Navajo-Hopi Nations,Flagstaff & Winslow News
Sun, Feb. 23

Conference focuses on tribes uniting to promote tourism

“We have control over tourism on our land,” said Brian Vallo of Acoma Pueblo. “We’re able to see the economic impact of tourism to our communities. It wasn’t always that way.”

Vallo shared his thoughts at Spotlight on Native America-Southwest, a conference held Aug. 12-13 at the Yavapai-Apache’s Cliff Castle Resort in Camp Verde. Participants included representatives from tribes in Arizona, New Mexico, Colorado and Utah, as well as tour operators from Arizona, New Mexico, California and Texas.

Waylon Honga of the Hualapai Nation spoke of the challenges facing their 2,300 tribal members. When Interstate 40 bypassed Haulapai at Peach Springs on Old Highway 66, it devastated their economy. Tourism is helping the tribe recover through River Running on the Colorado River and with facilities and experiences offered at Grand Canyon West.

Opportunities for tribes and tribal destinations to provide updates to each other as well as to participating tour operators were highlights of the conference.

Sharing information, building business relationships and discovering new ways to increase business were the primary objectives of Spotlight on Native America-Southwest.

Raymond Endfield of the White Mountain Apache Tribe stressed the need for partnerships, including important interactions with off-reservation communities. In light of the recent wildfires, Endfield was eager to let everyone know that tribal tourism destinations Hon-Dah Resort & Casino, Sunrise Ski Resort, Fort Apache and their many lakes were untouched by the flames.

Fredrick H. White of the Navajo Nation expressed his desire to focus on partnerships and the importance of making a commitment. White quoted Dr. Martin Luther King, Jr., when he said, “I have a dream.” Dr. King had a vision of people working together, crossing the barriers, improving the economy and way of life for everyone.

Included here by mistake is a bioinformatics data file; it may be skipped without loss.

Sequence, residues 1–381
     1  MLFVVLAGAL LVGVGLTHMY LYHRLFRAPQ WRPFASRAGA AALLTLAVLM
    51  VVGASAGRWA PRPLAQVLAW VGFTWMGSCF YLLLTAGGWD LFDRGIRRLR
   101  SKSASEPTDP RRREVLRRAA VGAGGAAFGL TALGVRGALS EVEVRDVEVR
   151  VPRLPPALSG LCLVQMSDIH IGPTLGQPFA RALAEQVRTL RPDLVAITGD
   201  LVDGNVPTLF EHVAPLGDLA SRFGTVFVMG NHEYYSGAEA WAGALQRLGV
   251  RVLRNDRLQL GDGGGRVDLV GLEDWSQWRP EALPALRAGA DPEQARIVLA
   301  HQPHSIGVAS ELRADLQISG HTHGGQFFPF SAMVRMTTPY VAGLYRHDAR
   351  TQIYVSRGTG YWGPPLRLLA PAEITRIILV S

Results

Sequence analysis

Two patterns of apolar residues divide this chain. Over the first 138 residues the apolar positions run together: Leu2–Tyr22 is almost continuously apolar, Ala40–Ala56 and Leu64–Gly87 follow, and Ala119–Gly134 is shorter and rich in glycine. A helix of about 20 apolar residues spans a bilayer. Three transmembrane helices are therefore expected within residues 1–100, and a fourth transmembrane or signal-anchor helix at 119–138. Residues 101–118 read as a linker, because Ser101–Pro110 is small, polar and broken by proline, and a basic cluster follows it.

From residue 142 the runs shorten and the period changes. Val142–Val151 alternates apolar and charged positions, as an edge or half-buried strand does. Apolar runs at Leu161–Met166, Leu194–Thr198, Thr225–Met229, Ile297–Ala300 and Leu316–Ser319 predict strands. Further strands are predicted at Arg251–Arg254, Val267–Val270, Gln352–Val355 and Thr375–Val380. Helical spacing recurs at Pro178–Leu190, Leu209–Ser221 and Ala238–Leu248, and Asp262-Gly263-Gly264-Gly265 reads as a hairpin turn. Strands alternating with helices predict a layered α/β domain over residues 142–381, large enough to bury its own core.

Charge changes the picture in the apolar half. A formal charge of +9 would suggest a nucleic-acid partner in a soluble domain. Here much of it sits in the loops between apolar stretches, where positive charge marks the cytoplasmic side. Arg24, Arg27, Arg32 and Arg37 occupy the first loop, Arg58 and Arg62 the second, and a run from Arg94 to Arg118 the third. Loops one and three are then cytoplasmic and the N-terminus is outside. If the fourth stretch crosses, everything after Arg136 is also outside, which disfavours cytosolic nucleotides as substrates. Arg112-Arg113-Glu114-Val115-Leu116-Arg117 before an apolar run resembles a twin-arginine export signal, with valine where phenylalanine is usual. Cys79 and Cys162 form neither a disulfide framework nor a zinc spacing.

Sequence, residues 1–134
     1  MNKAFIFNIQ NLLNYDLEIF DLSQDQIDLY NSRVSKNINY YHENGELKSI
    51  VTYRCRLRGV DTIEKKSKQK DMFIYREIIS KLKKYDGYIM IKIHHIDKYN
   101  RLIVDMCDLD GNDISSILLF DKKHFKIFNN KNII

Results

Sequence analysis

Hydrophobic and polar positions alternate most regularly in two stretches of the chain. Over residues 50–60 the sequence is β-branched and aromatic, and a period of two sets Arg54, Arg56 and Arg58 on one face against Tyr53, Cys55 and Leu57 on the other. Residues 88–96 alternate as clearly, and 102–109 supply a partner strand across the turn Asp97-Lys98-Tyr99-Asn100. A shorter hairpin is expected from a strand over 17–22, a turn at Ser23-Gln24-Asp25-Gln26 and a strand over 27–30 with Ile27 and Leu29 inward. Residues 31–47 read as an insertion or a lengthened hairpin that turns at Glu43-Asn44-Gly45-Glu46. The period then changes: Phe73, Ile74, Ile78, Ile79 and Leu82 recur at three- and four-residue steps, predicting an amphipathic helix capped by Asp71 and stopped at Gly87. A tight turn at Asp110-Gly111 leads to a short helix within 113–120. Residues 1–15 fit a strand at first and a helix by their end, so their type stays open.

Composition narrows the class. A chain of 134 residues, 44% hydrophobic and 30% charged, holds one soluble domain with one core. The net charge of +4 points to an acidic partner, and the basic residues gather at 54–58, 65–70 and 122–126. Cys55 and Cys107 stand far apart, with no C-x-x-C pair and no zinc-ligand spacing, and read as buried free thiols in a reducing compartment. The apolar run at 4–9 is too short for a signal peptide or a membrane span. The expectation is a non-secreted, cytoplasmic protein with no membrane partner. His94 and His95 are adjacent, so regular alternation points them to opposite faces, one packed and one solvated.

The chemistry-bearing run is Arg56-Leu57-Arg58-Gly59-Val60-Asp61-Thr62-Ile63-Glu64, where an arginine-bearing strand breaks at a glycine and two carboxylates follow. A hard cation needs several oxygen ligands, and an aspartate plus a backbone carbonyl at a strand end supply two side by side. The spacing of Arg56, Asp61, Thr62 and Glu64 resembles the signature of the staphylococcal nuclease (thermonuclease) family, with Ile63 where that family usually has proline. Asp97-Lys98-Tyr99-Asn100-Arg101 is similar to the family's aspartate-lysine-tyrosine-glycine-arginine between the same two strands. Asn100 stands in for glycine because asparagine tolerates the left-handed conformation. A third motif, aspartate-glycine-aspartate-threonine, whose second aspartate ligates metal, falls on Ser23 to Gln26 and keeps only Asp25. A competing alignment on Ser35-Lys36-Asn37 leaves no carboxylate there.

Spotlight on Native America-Southwest provides the avenue to gain additional skills in working together and to gain a sense of connectivity with neighboring tribes. Tour Operators were eager to make the Native American connections. They were provided a workshop on cultural awareness and were surprised to learn of the cultural differences from mainstream America as well as amongst the tribes themselves. Journalists circulated amongst the participants, jotting down names of contacts and picking up story ideas.

At this event, it was possible to share a meal at the same table with someone from the Arizona Office of Tourism, Navajo Nation Hospitality Enterprise, a Native American adventure company, a tour operator and a tourism training instructor. Networking was part of the main course served throughout the two-day event.

It is important to note that the tribes are not in competition with each other. Each tribe has a unique culture, and they compliment each other in the area of Native American tourism experiences. In the words of Vincent Randall, former Yavapai Apache Tribal Chairman, “The most important thing is to open up and give of ourselves.”

The conference, Spotlight on Native America-Southwest, was produced by Mike Finney and Sue Arko of Grand Canyon State Marketing. They also produce the successful annual Spotlight on Arizona that brings Arizona destinations and tour operators from throughout the U.S. and Canada together. Finney and Arko are collecting evaluations and feedback in order to plan the second annual conference next fall.

In the meantime, Grand Canyon State Marketing will be working to help tribal tourism businesses get connected during the coming year. To be included in this networking opportunity, contact Mike Finney of GCSM in Chandler at 480-897-3331.

(Kathie Curley is Navajo Tourism Marketing Coordinator.)

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